In recent years, iced coffees have experienced a popularity boom.
Making up more than 6% of the UK specialty market today, they have gone from relative obscurity to forming an integral part of many coffee shops’ success.
Favoured, in particular, among younger generations, iced coffees are prepared by either brewing the coffee cold or brewing coffee normally before serving it over ice or with cold milk.
While this is easy enough to do in-store, the challenge arises when customers order them to go. This is because unlike hot drinks, such as americanos and flat whites, iced coffees perform significantly better in plastic cups as opposed to paper.
However, with growing concerns over the environmental impact of single-use plastics, it has become indefensible for coffee shops to use nonrecyclable plastic cups for iced coffees.
But is there a viable alternative? Read on to find out more.
What is iced coffee?
The concept of an “iced coffee” has existed for decades; but it’s only recently that their popularity has truly taken off.
Not to be confused with cold brew, an iced coffee is typically a combination of espresso, milk, and ice. Some cafés offer the addition of sweeteners, whipped cream, and even ice cream.
In the case of the “Kyoto style” iced coffee, which is found across a number of cafés in the Japanese city of Kyoto, room temperature water is dripped over coffee grounds for several hours, before being diluted with ice.
According to Starbucks CEO, Kevin Johnson, 74% of beverage sales in the third financial quarter fell into the “cold category”, representing a 10% increase over the past two years.
Similarly, Allegra World Coffee Portal estimates that more than 170 million iced beverages are sold in cafés each year in the UK alone. This is predominantly during the summer months, although they have become a permanent fixture in many coffee shops.
Data suggests that the impressive growth of iced coffees is driven largely by millennials and Generation Z consumers. Mintel, a market research company, found that 38% of consumers aged between 18 and 24 claim to drink iced coffee, compared to 20% for other age groups.
The move towards cold beverages has a number of reasons. However, the most commonly cited concern flavour and the influence of social media platforms, such as Instagram and TikTok.
The dilemma of iced coffees to go
Since the outbreak of the Covid-19 pandemic in early 2020, most coffee shops have been forced to close their doors at least once.
It’s estimated that more than 90% of hospitality venues have had to shutter at some point in the last two years.
Inevitably, this has led to the emergence of a number of new coffee consuming habits, namely the rise of takeaway coffee orders.
Seen as a way to continue enjoying coffee shop beverages while maintaining social distancing measures, takeaway orders have provided a lifeline for many business owners.
It has allowed them to continue operating despite the closure of seated areas and kept staff busy when other businesses have struggled to keep employees on.
To cater to the sudden spike in takeaway orders, finding the right cups for each coffee has been fundamental. For example, a different cup size is needed for a macchiato than for a cappuccino.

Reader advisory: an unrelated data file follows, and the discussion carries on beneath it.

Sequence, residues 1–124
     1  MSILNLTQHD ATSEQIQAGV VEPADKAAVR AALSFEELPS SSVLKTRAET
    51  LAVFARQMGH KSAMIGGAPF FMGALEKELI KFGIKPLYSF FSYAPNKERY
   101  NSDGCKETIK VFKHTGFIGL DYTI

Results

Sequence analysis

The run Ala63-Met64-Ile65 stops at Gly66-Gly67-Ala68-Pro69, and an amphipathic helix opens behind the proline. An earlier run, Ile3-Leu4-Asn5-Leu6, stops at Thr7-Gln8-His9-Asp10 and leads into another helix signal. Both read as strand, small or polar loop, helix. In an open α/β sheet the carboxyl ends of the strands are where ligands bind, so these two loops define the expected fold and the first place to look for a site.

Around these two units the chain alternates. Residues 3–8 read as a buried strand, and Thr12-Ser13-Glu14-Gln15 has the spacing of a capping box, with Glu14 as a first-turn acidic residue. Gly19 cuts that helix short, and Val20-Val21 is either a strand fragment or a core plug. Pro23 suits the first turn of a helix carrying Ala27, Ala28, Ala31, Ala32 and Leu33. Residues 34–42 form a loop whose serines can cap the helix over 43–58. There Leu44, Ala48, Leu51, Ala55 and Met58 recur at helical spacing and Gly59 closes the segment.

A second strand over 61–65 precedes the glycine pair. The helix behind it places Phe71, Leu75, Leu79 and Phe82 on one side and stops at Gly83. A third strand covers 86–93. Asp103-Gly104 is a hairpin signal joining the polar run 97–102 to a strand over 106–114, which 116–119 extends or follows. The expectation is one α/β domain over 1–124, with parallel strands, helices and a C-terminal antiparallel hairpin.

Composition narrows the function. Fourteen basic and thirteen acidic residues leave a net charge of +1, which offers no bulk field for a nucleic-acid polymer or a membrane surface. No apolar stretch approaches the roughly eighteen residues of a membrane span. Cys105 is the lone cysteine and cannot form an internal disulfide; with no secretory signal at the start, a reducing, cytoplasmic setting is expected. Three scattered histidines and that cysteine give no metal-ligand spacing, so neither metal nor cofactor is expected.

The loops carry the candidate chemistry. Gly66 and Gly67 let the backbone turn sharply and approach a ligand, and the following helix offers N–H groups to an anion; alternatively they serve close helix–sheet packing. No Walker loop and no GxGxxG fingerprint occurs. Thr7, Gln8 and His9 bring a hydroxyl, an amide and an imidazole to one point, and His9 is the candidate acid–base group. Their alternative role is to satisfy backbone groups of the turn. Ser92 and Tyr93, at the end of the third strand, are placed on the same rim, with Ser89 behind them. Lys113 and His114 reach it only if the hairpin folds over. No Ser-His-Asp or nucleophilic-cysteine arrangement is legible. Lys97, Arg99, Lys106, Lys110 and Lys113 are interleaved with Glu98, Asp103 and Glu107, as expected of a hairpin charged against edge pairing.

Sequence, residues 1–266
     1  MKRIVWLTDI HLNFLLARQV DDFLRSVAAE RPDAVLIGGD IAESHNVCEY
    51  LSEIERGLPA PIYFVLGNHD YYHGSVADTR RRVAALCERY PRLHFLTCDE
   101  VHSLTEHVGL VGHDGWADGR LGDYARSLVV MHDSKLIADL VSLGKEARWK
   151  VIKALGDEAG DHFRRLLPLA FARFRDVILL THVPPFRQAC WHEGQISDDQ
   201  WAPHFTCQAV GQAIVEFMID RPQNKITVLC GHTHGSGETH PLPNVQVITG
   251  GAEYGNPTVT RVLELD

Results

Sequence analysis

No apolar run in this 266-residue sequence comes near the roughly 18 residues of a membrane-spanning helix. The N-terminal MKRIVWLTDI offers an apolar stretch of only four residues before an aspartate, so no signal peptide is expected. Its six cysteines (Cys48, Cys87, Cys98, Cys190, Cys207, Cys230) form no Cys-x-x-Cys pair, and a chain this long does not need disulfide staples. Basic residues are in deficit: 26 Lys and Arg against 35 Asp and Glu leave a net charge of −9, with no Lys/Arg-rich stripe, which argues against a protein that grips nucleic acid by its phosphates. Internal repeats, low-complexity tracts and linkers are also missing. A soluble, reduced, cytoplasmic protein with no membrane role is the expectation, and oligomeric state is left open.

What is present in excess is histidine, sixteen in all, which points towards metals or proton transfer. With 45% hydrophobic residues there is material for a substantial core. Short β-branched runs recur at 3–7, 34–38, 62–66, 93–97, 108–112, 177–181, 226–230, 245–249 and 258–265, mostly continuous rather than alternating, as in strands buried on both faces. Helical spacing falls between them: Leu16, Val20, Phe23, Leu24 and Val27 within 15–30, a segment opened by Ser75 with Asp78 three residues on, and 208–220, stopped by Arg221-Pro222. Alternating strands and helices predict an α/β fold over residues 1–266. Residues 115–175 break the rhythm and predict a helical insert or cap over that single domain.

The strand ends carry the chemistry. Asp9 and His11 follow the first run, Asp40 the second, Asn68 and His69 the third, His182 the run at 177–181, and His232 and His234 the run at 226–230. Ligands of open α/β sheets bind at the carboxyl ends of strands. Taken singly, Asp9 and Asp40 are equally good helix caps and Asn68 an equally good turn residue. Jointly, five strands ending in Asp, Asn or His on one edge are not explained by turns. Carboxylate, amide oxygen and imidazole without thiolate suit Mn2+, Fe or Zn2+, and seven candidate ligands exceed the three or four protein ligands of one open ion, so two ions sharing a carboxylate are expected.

Similarly, iced coffees tend to require a different takeaway cup. Popular US coffee chain Blue Bottle realised this after they tried using the paper cup cups normally reserved for hot drinks to serve their iced coffees.
Looking for ways to cut down on plastic waste, they decided to stop using single-use plastic cups.
However, they soon found that the paper cups and the ice were not compatible: the paper would act like a sponge, soaking up the cold and weakening the cup’s structural integrity.
The lid was also a problem. Iced coffee consumers tend to prefer drinking from a straw rather than through a spout in the lid. However, with Blue Bottle’s paper cups, the lids had only a small square opening that was not big enough to fit a straw without tearing it.
Although Blue Bottle has since resolved the problem, it highlighted a common dilemma for coffee shops: which takeaway cups are both environmentally friendly and compatible with iced coffees?
What are the best takeaway cups for iced coffee?
For many coffee shops, reducing their environmental impact has become a chief concern. This involves everything from switching to renewable energy to upcycling wet coffee grounds.
One of the easiest areas to become more sustainable is with takeaway cups. The increased availability of recyclable and compostable materials such as kraft paper and PLA have made it simpler than ever to cut plastic waste.
For iced coffee, a good option is PET (polyethylene terephthalate). Durable, cost-effective, and widely recycled, PET can be recognised by resin identification code #1.
Because PET is fully recyclable, it is considered a highly sustainable material. However, it also offers a great material for holding iced coffees.
This is because, unlike paper, the condensation from the cold beverage forms on the outside of the PET takeaway cup – rather than being absorbed into the material. As such, the structural integrity is preserved.
PET takeaway cups are also typically designed with lids that cater to the use of straws. They come with a circular opening in the middle of the lid that allows for easy access.
For many businesses, iced coffees have become much more than just a drink enjoyed during the summer.
Their popularity among young people in particular have made them a permanent fixture on the menus of cafes around the world.
To cater to the growing demand for both iced coffees and takeaway orders, it’s important to find the right drinking vessel.
At MTPak Coffee, we offer PET takeaway cups designed specifically for iced coffees. Not only are they robust and cost-effective, they are also fully recyclable, ensuring minimal environmental impact regarding both production and disposal.